Hiding Under a Heavy Blanket of Snow
During the first part of February, I happened to visit Pemaquid Point Lighthouse at the beginning of yet another snowstorm.
My goal was to linger for a little while in hopes of experiencing a slice of wintertime solitude before logic, and an ever-thickening white blanket, dictated otherwise.
This snowstorm was not nearly as fierce as others this winter, but that didn’t stop swirling winds, laced with a bitter bite, from dashing snowflakes across the seascape in chaotic fashion. The scene was reminiscent of a child’s snow globe, except there was no need for the beholder to do the shaking – for the storm was doing just fine on its own.
As I observed the wintry landscape, it quickly became apparent that more than the falling snow and touches of white accumulating about Pemaquid Point Light Station, it was how different the area where ledge meets sea looked on this day that made the biggest impression upon me.
New England lighthouse historian Jeremy D’Entremont has noted that “Pemaquid Point, with its dramatic streaks of granite reaching to the sea, shaped by massive movements thousands of years ago, would be a fascinating place to visit even without its pretty white lighthouse. The spot is one of the most frequently visited attractions of the Maine coast, receiving about 100,000 visitors each year.”
Jeremy is point-on with his comments about this amazing place, yet on this February day, many visitors to Pemaquid Point would have been hard pressed to recognize the location’s deep-cut rock formations, for its appearance was temporarily altered by winter’s icy grip.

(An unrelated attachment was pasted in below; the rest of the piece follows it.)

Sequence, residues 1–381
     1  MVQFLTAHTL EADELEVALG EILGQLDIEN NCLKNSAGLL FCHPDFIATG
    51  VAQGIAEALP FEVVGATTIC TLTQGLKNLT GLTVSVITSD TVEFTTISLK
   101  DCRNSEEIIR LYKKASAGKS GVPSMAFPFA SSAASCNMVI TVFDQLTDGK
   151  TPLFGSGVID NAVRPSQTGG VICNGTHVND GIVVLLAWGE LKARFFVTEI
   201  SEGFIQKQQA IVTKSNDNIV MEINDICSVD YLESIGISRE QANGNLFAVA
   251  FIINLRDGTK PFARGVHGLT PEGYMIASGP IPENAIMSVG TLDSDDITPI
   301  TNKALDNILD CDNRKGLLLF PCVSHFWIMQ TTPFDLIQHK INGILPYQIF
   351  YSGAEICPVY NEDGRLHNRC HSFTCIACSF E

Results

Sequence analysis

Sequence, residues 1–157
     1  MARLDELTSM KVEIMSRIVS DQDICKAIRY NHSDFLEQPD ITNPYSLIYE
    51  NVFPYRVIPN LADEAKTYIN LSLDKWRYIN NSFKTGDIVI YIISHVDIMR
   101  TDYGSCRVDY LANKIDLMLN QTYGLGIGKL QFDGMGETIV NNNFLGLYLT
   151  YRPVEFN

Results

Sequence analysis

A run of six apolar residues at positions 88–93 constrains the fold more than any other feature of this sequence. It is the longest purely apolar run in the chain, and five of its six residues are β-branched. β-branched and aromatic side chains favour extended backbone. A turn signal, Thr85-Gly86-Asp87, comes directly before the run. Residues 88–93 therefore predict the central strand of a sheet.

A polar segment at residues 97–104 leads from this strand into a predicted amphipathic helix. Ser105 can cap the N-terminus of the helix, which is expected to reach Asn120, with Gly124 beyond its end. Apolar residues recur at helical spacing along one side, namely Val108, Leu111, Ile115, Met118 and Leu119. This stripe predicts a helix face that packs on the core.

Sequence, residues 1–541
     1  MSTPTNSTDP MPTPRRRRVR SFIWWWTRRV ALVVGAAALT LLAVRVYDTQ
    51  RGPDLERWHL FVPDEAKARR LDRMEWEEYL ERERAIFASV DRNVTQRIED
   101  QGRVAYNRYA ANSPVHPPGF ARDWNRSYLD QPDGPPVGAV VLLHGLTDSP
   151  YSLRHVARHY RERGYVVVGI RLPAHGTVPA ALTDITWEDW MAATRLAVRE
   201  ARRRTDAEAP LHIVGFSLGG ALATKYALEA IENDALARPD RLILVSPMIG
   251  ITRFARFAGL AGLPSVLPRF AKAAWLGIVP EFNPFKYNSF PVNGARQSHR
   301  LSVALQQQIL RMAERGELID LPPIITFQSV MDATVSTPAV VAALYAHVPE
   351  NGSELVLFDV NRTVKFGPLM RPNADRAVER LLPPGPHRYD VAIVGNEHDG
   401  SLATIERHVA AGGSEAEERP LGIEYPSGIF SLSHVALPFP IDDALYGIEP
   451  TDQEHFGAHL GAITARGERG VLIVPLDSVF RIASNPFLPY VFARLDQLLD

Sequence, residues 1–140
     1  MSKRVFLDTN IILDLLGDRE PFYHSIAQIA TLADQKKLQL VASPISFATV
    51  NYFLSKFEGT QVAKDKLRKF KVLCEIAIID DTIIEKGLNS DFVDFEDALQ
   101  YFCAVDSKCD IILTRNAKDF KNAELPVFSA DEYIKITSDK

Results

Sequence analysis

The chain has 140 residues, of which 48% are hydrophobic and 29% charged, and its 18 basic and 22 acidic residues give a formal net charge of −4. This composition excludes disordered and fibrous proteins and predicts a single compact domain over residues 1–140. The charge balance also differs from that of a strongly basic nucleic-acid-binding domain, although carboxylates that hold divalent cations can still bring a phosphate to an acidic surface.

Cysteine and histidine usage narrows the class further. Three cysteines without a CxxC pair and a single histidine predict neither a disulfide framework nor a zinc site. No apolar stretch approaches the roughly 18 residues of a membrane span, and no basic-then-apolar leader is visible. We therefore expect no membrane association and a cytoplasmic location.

A series of snowstorms during December and January had filled in these streak-like veins, disguising their aged beauty and making it impossible to safely traverse their uneven surfaces.
With the latest storm only adding to the snow blanket’s shrouded depths atop the ledge’s rocky crown; I decided it best to admire the fascinating scene from the light station grounds above.
After gazing seaward for a bit, though low visibility caused by the storm was hardly affording glimpses of any great distances, I eventually made a complete circle of the light station and headed for the warmth of my vehicle.
Before stepping into my warm refuge, I took one last glance around the frozen landscape that culminated with a view of the tower’s lofty pinnacle.
I was somewhat shocked that the gorgeous Fresnel lens inside the lantern of Pemaquid Point Lighthouse was missing its guiding glow under such conditions. As it was, automation technology had not yet activated the light despite the presence of the storm’s darkened mood, which prompted me to think, “if only the keepers of old were still on watch, this light would have been beaming bright in the snowstorm.”
Driving away, I softened my thoughts and took comfort in the fact that Pemaquid Point Lighthouse, regardless of the limitations of automation, is always symbolically shining bright in the hearts of the many people who admire this beacon for the emotional beams it stirs in their lives. May it always be so!